• by Doctor Memory ( 6336 ) on Wednesday March 21, 2007 @03:35PM (#18433343)

    No alternative currently exists for gcc which is free software.
    I find it hard to believe there are no other OSS/free C/C++ compilers. Yes, I know GCC does more than C/C++, but what more would you need to build the kernel and userland? If the hammer came down, I'm sure it wouldn't be too much trouble to pick up some other compiler and put the work into it to get it to fit in the spot GCC left behind. I mean, GCC's an impressive piece of software, sure, but it's not like you couldn't get another compiler if you had to.

    Actually, now that I think about it, why even worry? What improvements are they going to put into GCC anyway? Additional back-ends for new architectures, some bug fixes, but it's not like C or C++ are going to undergo any radical evolution that'll require massive changes.
  • by Anonymous Coward on Wednesday March 21, 2007 @03:53PM (#18433589)
    Ah, but you forget about all the tools that make a kernel useable. There's at last count 5.316 GNU packages - all moving to GPK 3. And the vast majority of them are included in most every Linux distro - including SuSE. It's not just GCC. It's make. configure. bash. gpg. parted. awk. autoconf. binutils, coreutils, fileutils - you know - all the stuff that operates in userspace outside the kernel?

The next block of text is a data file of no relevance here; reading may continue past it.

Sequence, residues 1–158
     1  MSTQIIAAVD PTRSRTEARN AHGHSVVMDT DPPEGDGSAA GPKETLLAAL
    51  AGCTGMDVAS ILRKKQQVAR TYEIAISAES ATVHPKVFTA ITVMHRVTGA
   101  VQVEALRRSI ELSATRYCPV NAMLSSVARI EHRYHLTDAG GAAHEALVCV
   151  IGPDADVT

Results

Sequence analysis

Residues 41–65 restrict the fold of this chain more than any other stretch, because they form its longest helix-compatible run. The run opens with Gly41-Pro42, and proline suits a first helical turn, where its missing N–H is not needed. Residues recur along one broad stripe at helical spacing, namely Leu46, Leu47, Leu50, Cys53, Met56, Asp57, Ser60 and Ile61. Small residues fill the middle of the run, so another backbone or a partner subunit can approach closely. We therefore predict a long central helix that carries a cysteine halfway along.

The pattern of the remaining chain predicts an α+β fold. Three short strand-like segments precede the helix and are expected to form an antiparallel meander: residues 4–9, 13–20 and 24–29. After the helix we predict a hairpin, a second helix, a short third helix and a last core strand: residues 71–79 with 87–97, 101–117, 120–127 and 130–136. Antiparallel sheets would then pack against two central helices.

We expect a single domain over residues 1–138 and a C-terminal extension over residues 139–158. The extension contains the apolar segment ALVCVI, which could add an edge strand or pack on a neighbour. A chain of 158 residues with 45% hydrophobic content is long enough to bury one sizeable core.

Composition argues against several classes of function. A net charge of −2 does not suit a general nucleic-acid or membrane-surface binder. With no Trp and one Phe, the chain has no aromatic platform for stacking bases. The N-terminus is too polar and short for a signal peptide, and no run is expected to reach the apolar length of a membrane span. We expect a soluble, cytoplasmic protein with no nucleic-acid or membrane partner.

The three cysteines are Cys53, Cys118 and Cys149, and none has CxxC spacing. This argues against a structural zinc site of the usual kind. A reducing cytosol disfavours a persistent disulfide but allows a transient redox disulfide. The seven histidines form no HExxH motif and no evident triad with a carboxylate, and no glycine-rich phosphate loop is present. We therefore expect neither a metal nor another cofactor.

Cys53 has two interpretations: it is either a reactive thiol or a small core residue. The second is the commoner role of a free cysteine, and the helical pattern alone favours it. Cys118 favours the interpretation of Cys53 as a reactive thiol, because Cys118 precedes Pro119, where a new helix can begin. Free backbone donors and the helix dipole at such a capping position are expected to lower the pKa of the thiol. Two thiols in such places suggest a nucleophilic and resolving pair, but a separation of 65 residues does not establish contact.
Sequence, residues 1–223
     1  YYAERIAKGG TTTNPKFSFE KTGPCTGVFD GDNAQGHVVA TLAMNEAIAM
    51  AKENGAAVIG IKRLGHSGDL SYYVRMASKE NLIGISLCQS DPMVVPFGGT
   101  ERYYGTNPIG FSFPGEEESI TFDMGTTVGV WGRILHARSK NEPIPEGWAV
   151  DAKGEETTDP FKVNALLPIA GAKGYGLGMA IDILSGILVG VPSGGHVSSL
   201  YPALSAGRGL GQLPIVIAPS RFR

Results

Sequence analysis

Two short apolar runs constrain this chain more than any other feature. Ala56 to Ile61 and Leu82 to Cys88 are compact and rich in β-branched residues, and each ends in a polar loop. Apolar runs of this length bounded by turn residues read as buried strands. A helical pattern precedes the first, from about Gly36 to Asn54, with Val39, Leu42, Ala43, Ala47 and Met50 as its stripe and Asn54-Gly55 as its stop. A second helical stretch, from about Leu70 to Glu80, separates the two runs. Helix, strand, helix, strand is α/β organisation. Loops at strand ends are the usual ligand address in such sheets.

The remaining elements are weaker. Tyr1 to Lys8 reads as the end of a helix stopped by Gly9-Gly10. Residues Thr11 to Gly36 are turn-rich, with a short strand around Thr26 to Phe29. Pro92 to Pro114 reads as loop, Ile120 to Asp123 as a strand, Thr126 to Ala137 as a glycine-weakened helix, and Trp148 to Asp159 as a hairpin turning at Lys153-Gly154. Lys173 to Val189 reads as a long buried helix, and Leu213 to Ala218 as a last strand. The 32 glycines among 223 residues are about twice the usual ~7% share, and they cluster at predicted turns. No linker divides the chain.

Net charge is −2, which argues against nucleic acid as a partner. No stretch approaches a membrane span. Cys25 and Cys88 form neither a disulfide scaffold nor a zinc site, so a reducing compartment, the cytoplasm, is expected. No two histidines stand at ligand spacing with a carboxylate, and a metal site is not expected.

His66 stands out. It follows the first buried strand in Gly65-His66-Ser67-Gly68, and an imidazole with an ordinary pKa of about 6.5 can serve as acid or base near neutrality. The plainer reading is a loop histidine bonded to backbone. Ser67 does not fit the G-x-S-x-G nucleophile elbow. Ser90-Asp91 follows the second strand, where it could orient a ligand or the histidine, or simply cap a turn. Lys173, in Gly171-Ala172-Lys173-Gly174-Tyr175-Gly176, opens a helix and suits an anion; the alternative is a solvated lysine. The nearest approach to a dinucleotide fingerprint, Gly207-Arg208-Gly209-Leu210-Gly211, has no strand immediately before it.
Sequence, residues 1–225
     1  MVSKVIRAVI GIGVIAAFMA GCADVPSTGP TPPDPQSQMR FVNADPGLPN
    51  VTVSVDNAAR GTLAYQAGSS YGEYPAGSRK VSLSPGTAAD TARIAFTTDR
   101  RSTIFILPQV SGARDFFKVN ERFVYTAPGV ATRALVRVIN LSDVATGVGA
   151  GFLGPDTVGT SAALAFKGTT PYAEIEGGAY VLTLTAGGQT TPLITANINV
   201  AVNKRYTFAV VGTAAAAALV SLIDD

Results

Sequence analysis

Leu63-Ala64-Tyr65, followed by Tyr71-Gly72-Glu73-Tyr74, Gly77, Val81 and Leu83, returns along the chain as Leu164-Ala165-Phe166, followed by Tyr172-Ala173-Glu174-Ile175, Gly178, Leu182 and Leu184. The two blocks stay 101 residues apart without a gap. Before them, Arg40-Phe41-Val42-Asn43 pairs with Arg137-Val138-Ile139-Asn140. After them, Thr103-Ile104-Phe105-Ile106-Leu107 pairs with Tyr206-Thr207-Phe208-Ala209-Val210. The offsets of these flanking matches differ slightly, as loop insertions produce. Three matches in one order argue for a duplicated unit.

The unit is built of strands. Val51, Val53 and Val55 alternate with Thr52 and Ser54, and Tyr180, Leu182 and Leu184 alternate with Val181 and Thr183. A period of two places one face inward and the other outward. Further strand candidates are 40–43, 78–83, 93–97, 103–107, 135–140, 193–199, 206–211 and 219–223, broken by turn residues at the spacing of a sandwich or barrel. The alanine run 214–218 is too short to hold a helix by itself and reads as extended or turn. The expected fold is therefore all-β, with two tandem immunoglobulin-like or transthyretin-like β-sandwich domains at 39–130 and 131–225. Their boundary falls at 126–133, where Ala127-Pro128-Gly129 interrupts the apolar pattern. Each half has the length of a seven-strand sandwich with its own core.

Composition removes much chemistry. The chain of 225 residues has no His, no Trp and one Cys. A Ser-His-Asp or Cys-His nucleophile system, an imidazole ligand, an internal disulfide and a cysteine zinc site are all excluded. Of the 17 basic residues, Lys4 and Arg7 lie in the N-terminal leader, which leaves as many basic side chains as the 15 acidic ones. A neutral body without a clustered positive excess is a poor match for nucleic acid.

• by lordmage ( 124376 ) on Wednesday March 21, 2007 @04:07PM (#18433769) Homepage
    Going to do a reverse and say they did give all licensing to SCO?

    Microsoft lackey Novell Exec "My bad, Here is the papers that say we did give them all UNIX licenses"

  • Re:War is peace (Score:3, Interesting)

    by NickFortune ( 613926 ) on Wednesday March 21, 2007 @04:09PM (#18433797) Homepage Journal

    and exactly what are "deals like this"?

    The GPL says you can't distribute anything covered by its terms unless the people you distribute to have the rights to distribute passing on all the rights you passed on to them. So whatever benefits I confer when I give you a GPL program, they have to also apply when you give a copy to someone else. It's to stop some sneaky tricks that could otherwise be used to effectively take a project proprietary.

    So, under this clause, Novell couldn't buy a licence from MS (assuming there is in fact any basis for a licence) that would benefit their customers unless the same licence also applied to recipients further downstream. Or at least they could - but that would contravene the terms of the GPL, which would mean Novell had no licence to distribute at all.